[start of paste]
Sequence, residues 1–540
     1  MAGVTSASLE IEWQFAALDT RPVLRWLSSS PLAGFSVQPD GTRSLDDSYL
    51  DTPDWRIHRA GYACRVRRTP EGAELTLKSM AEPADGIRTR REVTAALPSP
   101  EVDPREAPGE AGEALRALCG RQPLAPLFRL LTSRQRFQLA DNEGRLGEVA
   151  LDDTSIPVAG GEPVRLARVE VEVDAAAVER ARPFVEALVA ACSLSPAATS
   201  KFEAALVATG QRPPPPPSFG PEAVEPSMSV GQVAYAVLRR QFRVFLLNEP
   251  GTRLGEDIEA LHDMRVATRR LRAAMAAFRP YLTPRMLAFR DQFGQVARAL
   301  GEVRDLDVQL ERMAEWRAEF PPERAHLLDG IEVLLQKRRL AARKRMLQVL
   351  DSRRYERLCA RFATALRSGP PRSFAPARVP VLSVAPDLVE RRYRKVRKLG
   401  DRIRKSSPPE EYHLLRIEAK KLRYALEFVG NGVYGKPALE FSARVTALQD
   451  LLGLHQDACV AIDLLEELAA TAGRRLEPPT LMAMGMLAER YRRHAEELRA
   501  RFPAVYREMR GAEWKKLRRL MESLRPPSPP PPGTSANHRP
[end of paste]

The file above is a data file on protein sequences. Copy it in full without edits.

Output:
Sequence, residues 1–540
     1  MAGVTSASLE IEWQFAALDT RPVLRWLSSS PLAGFSVQPD GTRSLDDSYL
    51  DTPDWRIHRA GYACRVRRTP EGAELTLKSM AEPADGIRTR REVTAALPSP
   101  EVDPREAPGE AGEALRALCG RQPLAPLFRL LTSRQRFQLA DNEGRLGEVA
   151  LDDTSIPVAG GEPVRLARVE VEVDAAAVER ARPFVEALVA ACSLSPAATS
   201  KFEAALVATG QRPPPPPSFG PEAVEPSMSV GQVAYAVLRR QFRVFLLNEP
   251  GTRLGEDIEA LHDMRVATRR LRAAMAAFRP YLTPRMLAFR DQFGQVARAL
   301  GEVRDLDVQL ERMAEWRAEF PPERAHLLDG IEVLLQKRRL AARKRMLQVL
   351  DSRRYERLCA RFATALRSGP PRSFAPARVP VLSVAPDLVE RRYRKVRKLG
   401  DRIRKSSPPE EYHLLRIEAK KLRYALEFVG NGVYGKPALE FSARVTALQD
   451  LLGLHQDACV AIDLLEELAA TAGRRLEPPT LMAMGMLAER YRRHAEELRA
   501  RFPAVYREMR GAEWKKLRRL MESLRPPSPP PPGTSANHRP